Answers to previous problems are down below.
Just scroll down for them. Scroll carefully because the questions come up first, so
if you want to try them before you see the answer, don't scroll all the way down.

This problem was taken from the magazine: Mathematics
Teaching in the Middle School. January 1999.

Prepared by DAVID SPANGLER,
david.spangler@aw.com. Spangle teaches at National-Louis
University Evanston, IL 60201. He is also an editorial manager for a textbook
publishing company and is always looking for ways to teach mathematics through engaging,
real world applications.

SOMETHING IS WRONG WITH EACH OF THE advertisements to the right. Are the mistakes
honest errors ... or is someone trying to "pull the wool over our eyes"?
Sometimes it is hard to tell for sure. But we can put on our detective hat to investigate
what these advertisements are saying mathematically. The questions that follow will help
us determine whether the bananas are "a-peeling," whether the lamps are a
"shady" deal, and whether the CDs should be "music to your ears."

Questions Advertisement 1

1. For advertisement 1 how much money is .49¢?

a) 49 cents
b) $0.49 c) about a half cents

d)$O.049 e) S0.0049

2. Explain whether a customer would be mathematically
correct in telling the clerk, "I'd like to buy two pounds of bananas. Here is one
cent. You can keep the change."

3. How would you correct advertisement 1?

Advertisement
2

4. For advertisement 2, let us consider this situation.
Suppose that a lamp regularly sells for $120.

a) What would the lamp cost after a first
discount of 60 percent is applied?

b) What would the lamp cost after the second discount, 25
percent, is applied to the discounted price in question 4a?

c) How much money would you save with the two discounts? The total
dollar savings is what percent of the original selling price?

d) How did the advertising agent arrive at 85 percent? How would
you explain to him or her why this amount is incorrect?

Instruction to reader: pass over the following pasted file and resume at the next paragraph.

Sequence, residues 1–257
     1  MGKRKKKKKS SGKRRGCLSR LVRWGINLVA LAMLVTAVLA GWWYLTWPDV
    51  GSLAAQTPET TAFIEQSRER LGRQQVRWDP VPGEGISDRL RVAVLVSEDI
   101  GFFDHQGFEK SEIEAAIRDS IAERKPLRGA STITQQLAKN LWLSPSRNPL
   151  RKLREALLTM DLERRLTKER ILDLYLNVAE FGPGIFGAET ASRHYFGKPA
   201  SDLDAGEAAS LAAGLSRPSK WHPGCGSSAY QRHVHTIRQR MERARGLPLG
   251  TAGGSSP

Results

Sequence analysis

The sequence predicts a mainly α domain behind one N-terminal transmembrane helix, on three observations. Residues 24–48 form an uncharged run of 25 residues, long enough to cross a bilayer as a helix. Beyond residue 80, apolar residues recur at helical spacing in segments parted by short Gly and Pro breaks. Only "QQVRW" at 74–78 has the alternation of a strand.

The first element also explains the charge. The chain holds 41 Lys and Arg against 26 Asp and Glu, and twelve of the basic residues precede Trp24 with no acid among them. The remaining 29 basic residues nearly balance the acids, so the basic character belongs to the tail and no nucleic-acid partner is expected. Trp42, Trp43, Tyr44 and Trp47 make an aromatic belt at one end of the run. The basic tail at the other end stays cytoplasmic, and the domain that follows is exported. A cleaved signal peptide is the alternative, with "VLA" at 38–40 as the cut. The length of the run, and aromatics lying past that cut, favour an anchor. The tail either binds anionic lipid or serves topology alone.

Advertisement 3

5. In advertisement
3, how much would a CD cost if it was discounted at "only" 100 percent off the
list price?

6. What is the correct percent discount
for the CDs? Round your answer to the nearest tenth of a percent.

7. If a CD really sold at 714 percent off
the list price, how much would the store have to pay you if you "bought" the CD?

Here is a chance for you to
become a mathematics detective in your neighborhood. Hunt for misleading or mathematically
incorrect advertisements. Such advertisements may be found in newspapers, direct mail
promotions, on television, in stores, and so on. Bring them to class for discussion. Then
send your favorites to the address that follows. Selected advertisements will be the topic
of a future "Mathematics Detective" article. Copies or descriptions of the
advertisements are sufficient when actual advertisements cannot be sent. Send
advertisements to me by email or by snail mail (regular mail). If you are one of my
students bring them into school. (1point extra credit for
each with explanation of what's wrong.)hbwmathman@oocities.com

Answers for Ad #1:
1) c and e. The
amount .49¢ is
forty-nine hundreths of one cent. 2) The customer would be correct, for
a pound would cost $0.0098, or 98 hundreths of one cent. 3) The price should be
marked as either 49¢/lb or $0.49/ lbs.

Answers for Ad #2:
4a) 60% would be .60 x 120 or $72 so $120 - $72 = $48. 4b) When the second discount
is applied to the now $48 an additional .25 x $48 or $12 is deducted, so $48 - 12 =
$36. 4c) Since the final price is $36, a customer is saving $120 -$36 or $84.
This would be 84/120 ( / means divide) or 70% savings. 4d) The advertising
agent added the two percents. Of course he is wrong!!! One must calculate each
percent separately and in order.

Answers for Ad #3:
5) At 100% the CD would be free!!! 6) The savings would be $13.95 - $3.99, or $9.96. The
percent savings is 9.96/ 13.95 or 0.71397... or about 71.4% 7) This one is very
cool... At 714% off the store would owe you money. The first 100% would take it down
to $0 and the remaining 614% would be 6.14 x 13.95 or about $85.65. That's how
much they would have to pay YOU!!!

Mrs. Hamilton went to her favorite produce
market. An apple
cost 20¢, a strawberry
cost 40¢, and an avocado
cost 28¢. Mrs. Hamilton was hungry for a banana,
but she had only a quarter
in her pocket. Using the same pricing logic, did Mrs. Hamilton have enough money for a banana

The answer is YES she has enough money. Each letter is worth 4¢. So a banana cost
24¢ because there are 6 letters. She would have 1¢ left over. Yeah, Mrs. Hamilton!

This problem is of a different sort. Do these numbers ring a bell?
Well tell me what each one means. For example, 365 can only mean one thing: the
number of days in a year. How many can you get????(Every
3 will be one extra credit point. Max of 4 points for this
week.)

1) 1776 2) 2,000
3) 1.06
4) 2.54

5) 3.1415... 6) 366
7) 1492
8) 0.62

9) 52
10) 360 11) 90
12) 88

Answers: 1)
Signing of Declaration. 2)
pounds in a ton 3)liters in a
quart (approx) 4) centimeter per
inch 5) the number pi 6) days in a leap year 7) Columbus sailed the ocean blue